Oh, are the rest of you wondering about the title of this post?

I have SO much to say about purging our house and getting rid of carloads of stuff, me getting my shit together in general. (Maybe. Probably never going to completely do that. But I can try.) But I’m waiting until life slows down a tiny bit. (I’m in the middle of a career change. No, I haven’t stopped writing, but I have slowed my teaching to a drip and am happily in the book marketing world. (Not just my own books.)

Anyway, on this very rainy day I gathered three books I need to ship together to a contest. (Didn’t say I’d win, but you can’t win if you don’t enter.) I have mailers for books I send out to influencers, of course, and for autographed copies I mail out. But alas, while three books did technically fit into the mailer, it wouldn’t come close to sealing.

I wandered the house and garage looking for an Amazon box. While I spied a couple of smaller boxes in my writing room closet, that they have dates plastered all over them tells me that they are for records we are keeping, at least for the next seven years. Taxes, am I right?

Yes, I even ventured in my darling’s music room on the hunt for boxes. It’s so clean, so orderly. I am proud to say I have solved some of his organization problems, and he worked very hard on it. (Music equipment takes up space!) Maybe he’ll let me post a pic again after we’ve repainted. But what didn’t I find?

I did not find a box.

One of my favorite books as a child was My Cat Likes to Hide in Boxes. My honey even bought me a copy a few years ago. I memorized it even before I could read, and my mom tried to gently explain to me that I didn’t really know how to read yet, but I had just heard her read it to me so many times that I knew it by heart. At four, I didn’t get the distinction.

Well, if we had any cats here (and we don’t), they would have been sorely at a loss for a box today, because I could find none.

That’s actually a very good thing. Too often either my writing room, hubby’s music room, or our (tiny) garage ends up littered with Amazon boxes. Not anymore. If we order something now, we promptly open it, break down the box, and put it in our recycle bin. This is partly because I spent a good hour breaking down and hauling off to the recycle bin a ton of boxes and cursing about how much I hated it as I did it recently. So we’re not going to get there again. It would have been a good practice to have done from the get-go, but creatives can be impulsive. We kinda pride ourselves on it. Now we pride ourselves on, apparently, having no used mailing supplies about.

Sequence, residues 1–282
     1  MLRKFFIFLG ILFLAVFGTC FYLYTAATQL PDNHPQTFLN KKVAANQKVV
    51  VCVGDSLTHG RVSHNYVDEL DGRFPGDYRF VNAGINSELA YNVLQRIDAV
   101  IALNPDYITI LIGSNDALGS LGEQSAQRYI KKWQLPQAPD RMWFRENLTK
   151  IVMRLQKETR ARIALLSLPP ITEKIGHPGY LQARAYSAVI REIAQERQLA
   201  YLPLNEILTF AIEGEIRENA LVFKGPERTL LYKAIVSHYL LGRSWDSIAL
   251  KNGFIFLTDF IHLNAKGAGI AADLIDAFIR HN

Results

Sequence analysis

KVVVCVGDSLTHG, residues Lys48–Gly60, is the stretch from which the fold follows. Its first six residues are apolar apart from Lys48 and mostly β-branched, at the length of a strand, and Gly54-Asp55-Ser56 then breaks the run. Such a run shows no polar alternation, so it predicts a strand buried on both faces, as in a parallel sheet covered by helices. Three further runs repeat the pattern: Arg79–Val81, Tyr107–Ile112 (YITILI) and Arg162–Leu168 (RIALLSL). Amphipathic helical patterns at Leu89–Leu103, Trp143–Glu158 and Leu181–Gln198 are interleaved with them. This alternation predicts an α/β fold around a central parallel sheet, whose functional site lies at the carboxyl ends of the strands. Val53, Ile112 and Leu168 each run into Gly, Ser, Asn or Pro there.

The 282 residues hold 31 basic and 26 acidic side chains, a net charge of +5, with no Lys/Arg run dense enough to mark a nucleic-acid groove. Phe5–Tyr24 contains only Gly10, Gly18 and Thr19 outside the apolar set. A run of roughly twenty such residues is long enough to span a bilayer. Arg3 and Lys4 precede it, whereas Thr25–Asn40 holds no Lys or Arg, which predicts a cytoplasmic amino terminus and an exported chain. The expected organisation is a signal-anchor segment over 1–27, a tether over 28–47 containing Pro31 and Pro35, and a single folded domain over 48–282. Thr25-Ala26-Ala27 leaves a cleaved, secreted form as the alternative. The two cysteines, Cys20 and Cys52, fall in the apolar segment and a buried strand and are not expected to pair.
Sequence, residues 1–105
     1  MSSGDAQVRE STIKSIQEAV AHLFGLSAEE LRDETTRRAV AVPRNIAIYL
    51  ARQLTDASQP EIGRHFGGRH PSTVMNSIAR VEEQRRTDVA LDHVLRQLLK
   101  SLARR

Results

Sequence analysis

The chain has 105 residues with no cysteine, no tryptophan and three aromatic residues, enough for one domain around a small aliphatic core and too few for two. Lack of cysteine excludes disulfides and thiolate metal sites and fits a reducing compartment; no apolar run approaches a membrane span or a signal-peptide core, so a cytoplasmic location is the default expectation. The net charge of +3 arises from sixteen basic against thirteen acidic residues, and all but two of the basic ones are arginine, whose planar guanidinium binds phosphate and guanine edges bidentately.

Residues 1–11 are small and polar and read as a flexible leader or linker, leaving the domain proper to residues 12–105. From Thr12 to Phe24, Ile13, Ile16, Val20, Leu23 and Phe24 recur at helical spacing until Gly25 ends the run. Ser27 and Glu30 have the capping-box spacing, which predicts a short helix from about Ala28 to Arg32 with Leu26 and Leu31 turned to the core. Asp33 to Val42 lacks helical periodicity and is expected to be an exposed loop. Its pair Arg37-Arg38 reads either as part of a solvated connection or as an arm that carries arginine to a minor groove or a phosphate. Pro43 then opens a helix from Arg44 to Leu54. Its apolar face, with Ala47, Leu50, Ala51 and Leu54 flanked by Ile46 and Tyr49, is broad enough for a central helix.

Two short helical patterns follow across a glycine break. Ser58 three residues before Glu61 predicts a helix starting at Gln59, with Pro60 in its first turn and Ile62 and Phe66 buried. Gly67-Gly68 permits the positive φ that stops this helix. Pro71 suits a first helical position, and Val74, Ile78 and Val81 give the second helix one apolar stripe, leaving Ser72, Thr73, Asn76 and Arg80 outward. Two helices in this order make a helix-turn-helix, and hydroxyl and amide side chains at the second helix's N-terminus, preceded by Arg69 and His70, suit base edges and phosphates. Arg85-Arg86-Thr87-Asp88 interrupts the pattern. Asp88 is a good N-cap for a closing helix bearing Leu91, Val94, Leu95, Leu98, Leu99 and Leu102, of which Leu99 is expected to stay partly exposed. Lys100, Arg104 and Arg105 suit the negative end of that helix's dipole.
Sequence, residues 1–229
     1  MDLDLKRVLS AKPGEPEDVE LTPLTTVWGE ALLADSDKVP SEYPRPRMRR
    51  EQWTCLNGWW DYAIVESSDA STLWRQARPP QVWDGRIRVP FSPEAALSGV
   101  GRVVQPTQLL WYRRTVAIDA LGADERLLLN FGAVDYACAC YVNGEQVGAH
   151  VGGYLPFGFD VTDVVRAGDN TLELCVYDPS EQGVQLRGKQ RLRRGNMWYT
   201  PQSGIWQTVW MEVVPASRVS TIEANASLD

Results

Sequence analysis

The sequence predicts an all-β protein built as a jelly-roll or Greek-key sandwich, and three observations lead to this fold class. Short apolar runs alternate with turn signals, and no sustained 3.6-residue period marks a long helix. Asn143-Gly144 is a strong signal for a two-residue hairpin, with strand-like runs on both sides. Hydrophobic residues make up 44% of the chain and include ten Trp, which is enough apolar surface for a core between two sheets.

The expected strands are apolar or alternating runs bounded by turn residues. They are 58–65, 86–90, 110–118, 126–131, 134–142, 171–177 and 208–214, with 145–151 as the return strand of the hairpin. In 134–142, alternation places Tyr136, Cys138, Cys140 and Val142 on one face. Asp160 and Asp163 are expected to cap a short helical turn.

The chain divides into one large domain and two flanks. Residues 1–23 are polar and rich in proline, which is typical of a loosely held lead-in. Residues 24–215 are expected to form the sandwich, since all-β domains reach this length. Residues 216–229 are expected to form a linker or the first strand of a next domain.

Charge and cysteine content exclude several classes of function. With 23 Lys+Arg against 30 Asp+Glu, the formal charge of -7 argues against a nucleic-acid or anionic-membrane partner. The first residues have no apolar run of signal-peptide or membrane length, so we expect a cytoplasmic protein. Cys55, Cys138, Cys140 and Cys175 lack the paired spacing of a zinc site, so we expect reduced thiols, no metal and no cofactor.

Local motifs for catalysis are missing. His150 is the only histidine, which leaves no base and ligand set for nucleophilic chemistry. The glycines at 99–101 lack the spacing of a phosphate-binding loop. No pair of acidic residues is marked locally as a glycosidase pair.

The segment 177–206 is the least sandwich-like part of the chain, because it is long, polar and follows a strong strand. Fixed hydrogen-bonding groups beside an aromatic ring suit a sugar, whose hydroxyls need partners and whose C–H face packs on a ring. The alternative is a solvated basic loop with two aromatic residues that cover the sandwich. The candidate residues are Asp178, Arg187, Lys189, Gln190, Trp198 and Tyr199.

Okay, truth be told I *did* save back the cardboard wrap that Barry’s latest comics came in, because he liked it so much and because I feel icky if I infantilize him and toss things behind his back. I trust that if he wants to keep it, he’ll find the right spot for it. Or, preferably, he will let it go when he’s ready. It’s not my business, even if I did tuck it into our partially full Bud Light box. (Those certainly won’t go to waste. And stop judging me on my beverage of choice. It’s not a good look on you.)

I want to tell you so, so much more about our house overhaul, but I need a couple of weeks. You’ll be here then, won’t you?

And once again, THANK YOU, STEPHANIE! Please, go support her post by reading her kind words.

Sneak peek — Stephanie’s quite the writer herself and she has a treat of an art-in-fiction novel,

Cut from the Earth, coming out in a few months. Trust me, you’ll hear more about it here. It’s wonderful!

Recording of “French artists in fiction: four lives, four authors”: France Book Tours webinar on May 8, 2021

Here’s the link to France Book Tours webinar I mentioned a while back with all the pertinent info about the featured authors and books. I, for one, truly enjoyed the experience, though I did have a cold! And warning, if you watch it, you’ll see that my head tilt game is strong here! (SMH.)

My thanks to Emma and my thanks and affection to my fellow art-in-fiction authors. I’ve found my tribe!

Many thanks, also, to those of you who showed up and those of you who signed up to see the playback. You’ll be getting a special thanks from me next week — sorry, there’s a birthday boy in my household to celebrate this weekend, so things are busy.